android – get the application's resources languages-ThrowExceptions

Exception or error:

Is it possible, at runtime, to know which resources languages are embedded in my app?

i.e the presence of this folders:

values-en
values-de
values-fr
...
How to solve:

AssetManager.getLocales() is actually the way to do this. However, from the public API every AssetManager you create also has the framework resources included in its search path… so when you call AssetManager.getLocales() you will also see any locales that are part of the framework resources. There is no way to get around this with the SDK, sorry.

###

It’s complicated because even if you have a folder named values-de it doesn’t mean you have any resources there. If you have string.xml in values-de it doesn’t mean you have string value there.

values:

<resources>
    <string name="app_name">LocTest</string>
    <string name="hello_world">Hello world!</string>
    <string name="menu_settings">Settings</string>
</resources>

values-de:

<resources>
    <string name="hello_world">Hallo Welt!</string>
</resources>

You can test if a resource for a specific locale is different than the default:

DisplayMetrics metrics = new DisplayMetrics();
getWindowManager().getDefaultDisplay().getMetrics(metrics);
Resources r = getResources();
Configuration c = r.getConfiguration();
String[] loc = r.getAssets().getLocales();
for (int i = 0; i < loc.length; i++) {
    Log.d("LOCALE", i + ": " + loc[i]);

    c.locale = new Locale(loc[i]);
    Resources res = new Resources(getAssets(), metrics, c);
    String s1 = res.getString(R.string.hello_world);
    c.locale = new Locale("");
    Resources res2 = new Resources(getAssets(), metrics, c);
    String s2 = res2.getString(R.string.hello_world);

    if(!s1.equals(s2)){
        Log.d("DIFFERENT LOCALE", i + ": "+ s1+" "+s2 +" "+ loc[i]);
    }
}

It has one fault – you can check one value whether it has translation.

The dirty code above will print something like:

LOCALE(5667): 51: en_NZ LOCALE(5667): 52: uk_UA LOCALE(5667): 53:
nl_BE LOCALE(5667): 54: de_DE DIFFERENT LOCALE(5667): 54: Hallo Welt!
Hello world! de_DE LOCALE(5667): 55: ka_GE LOCALE(5667): 56: sv_SE
LOCALE(5667): 57: bg_BG LOCALE(5667): 58: de_CH DIFFERENT
LOCALE(5667): 58: Hallo Welt! Hello world! de_CH LOCALE(5667): 59:
fr_CH LOCALE(5667): 60: fi_FI

###

Inspired by Mendhak’s solution I created something a bit cleaner:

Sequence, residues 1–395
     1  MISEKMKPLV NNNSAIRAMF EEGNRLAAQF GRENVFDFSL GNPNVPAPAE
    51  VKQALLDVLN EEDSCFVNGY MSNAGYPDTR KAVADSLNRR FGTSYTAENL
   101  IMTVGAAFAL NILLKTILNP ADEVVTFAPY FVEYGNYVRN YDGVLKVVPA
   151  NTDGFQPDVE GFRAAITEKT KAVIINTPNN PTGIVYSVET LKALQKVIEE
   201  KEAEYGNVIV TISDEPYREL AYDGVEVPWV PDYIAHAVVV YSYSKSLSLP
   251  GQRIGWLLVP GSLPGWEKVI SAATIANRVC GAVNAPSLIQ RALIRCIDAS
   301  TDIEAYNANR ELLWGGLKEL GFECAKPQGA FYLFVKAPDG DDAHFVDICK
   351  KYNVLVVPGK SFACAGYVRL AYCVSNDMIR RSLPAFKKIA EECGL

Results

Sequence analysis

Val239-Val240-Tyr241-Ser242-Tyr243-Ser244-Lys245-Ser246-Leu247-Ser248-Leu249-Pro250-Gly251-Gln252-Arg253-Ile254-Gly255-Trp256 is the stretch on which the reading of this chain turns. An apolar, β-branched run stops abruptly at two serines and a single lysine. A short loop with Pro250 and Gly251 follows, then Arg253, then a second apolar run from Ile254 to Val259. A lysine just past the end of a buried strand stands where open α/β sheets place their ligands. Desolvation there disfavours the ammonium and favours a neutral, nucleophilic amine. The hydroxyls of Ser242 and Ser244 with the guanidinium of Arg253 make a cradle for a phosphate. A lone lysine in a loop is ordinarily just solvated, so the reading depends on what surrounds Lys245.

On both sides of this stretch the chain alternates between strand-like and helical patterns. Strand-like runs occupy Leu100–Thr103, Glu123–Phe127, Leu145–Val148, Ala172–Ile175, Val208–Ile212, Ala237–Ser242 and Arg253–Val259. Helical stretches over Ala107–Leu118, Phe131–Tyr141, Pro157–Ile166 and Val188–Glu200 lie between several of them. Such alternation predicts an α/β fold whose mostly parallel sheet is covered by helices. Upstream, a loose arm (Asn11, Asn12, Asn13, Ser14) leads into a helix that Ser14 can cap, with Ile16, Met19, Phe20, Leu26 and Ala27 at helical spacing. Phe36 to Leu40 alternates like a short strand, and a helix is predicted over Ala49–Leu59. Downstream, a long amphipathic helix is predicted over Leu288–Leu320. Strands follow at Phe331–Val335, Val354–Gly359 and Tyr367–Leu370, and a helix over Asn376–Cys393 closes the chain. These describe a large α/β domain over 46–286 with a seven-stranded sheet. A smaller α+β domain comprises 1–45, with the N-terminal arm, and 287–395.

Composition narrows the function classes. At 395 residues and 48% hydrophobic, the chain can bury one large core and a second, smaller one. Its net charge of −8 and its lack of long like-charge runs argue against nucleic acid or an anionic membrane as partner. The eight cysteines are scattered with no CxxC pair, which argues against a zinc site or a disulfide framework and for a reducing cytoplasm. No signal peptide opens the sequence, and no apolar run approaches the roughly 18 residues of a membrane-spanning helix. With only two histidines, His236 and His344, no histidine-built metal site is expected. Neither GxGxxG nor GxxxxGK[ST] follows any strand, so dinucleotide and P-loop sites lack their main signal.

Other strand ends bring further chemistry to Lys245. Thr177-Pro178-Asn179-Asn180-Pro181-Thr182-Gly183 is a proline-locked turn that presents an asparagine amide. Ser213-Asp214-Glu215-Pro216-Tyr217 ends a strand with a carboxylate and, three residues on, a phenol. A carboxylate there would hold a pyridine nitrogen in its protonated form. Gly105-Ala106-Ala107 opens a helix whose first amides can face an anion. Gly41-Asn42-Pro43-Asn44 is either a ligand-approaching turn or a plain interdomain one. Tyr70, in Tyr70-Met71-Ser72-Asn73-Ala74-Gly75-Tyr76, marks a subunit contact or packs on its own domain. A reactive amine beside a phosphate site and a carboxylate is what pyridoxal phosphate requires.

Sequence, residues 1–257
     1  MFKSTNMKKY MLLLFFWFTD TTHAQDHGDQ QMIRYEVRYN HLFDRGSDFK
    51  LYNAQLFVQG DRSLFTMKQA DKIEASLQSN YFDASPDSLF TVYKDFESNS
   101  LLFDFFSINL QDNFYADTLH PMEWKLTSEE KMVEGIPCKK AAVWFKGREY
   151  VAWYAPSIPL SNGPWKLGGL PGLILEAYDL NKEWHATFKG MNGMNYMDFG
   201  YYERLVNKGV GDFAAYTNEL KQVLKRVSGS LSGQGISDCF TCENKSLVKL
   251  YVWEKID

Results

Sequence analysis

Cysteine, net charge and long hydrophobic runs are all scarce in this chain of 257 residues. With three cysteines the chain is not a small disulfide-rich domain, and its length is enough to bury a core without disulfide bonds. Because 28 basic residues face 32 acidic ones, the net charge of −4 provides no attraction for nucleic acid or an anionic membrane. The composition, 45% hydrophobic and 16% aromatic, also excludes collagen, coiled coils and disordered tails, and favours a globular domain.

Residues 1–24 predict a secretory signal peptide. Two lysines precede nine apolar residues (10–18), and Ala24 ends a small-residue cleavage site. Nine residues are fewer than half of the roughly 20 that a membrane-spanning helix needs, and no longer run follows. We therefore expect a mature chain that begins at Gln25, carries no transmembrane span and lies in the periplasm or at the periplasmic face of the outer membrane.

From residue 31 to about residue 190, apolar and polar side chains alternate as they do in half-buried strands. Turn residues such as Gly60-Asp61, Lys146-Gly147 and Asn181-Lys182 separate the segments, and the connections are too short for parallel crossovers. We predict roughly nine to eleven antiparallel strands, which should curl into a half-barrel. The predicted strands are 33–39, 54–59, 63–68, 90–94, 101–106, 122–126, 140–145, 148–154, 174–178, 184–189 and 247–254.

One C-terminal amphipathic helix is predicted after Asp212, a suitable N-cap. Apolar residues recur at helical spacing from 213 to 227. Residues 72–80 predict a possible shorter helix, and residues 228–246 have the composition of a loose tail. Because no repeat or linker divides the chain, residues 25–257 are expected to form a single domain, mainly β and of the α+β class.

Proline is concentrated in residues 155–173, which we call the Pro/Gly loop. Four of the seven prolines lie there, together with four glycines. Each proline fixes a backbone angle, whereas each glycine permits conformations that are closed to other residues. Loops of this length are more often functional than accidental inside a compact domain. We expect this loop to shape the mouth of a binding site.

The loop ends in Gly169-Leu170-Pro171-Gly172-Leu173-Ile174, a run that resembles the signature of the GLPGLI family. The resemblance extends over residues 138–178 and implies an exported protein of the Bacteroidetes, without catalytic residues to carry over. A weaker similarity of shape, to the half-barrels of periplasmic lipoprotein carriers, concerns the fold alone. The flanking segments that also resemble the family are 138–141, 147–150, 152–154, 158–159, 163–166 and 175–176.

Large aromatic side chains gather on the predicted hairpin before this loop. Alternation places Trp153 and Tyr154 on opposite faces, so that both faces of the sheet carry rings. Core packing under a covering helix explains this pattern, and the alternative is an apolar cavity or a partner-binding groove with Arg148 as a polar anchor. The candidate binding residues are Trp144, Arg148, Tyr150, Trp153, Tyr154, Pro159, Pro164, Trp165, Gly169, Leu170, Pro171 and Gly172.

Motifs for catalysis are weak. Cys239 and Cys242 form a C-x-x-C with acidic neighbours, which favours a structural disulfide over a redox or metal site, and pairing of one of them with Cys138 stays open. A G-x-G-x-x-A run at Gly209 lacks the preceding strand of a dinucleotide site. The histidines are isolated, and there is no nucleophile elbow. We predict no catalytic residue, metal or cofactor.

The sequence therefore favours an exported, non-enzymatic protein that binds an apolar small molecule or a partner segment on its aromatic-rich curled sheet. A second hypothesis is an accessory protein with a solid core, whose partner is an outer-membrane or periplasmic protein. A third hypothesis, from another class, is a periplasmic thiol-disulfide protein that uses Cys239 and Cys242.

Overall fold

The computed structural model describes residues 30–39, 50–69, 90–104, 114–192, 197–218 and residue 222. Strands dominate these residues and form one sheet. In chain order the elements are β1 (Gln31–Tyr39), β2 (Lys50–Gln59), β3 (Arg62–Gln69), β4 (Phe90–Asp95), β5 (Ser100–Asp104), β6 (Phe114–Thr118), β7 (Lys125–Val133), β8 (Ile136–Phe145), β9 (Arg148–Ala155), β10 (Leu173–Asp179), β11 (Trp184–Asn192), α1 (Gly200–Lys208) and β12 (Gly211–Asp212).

defaultConfig {
        ....

        def locales = ["en", "it", "pl", "fr", "es", "de", "ru"]

        buildConfigField "String[]", "TRANSLATION_ARRAY", "new String[]{\""+locales.join("\",\"")+"\"}"
        resConfigs locales
    }

Then in Java use:

BuildConfig.TRANSLATION_ARRAY

Advatages of this method:

  • Smaller apk – resConfigs will cut out resources from libraries which you don’t need (some have hundreds)
  • Fast – No need to parse resource configurations

###

Inspired by the answers above I created a simple method to get all app’s languages based on provided translations:

public static Set<String> getAppLanguages( Context ctx, int id ) {
  DisplayMetrics dm = ctx.getResources().getDisplayMetrics();
  Configuration conf = ctx.getResources().getConfiguration();
  Locale originalLocale = conf.locale;
  conf.locale = Locale.ENGLISH;
  final String reference = new Resources( ctx.getAssets(), dm, conf ).getString( id );

  Set<String> result = new HashSet<>();
  result.add( Locale.ENGLISH.getLanguage() );

  for( String loc : ctx.getAssets().getLocales() ){
    if( loc.isEmpty() ) continue;
    Locale l = Build.VERSION.SDK_INT <= Build.VERSION_CODES.KITKAT_WATCH ? new Locale( loc.substring( 0, 2 ) ) : Locale.forLanguageTag( loc );
    conf.locale = l;
    if( !reference.equals( new Resources( ctx.getAssets(), dm, conf ).getString( id ) ) ) result.add( l.getLanguage() );
  }
  conf.locale = originalLocale;
  return result; 
}

where as id arg should be used a R.string.some_message which is provided in all translations and contains clearly distinguishable text, like "Do you really want to delete the object?"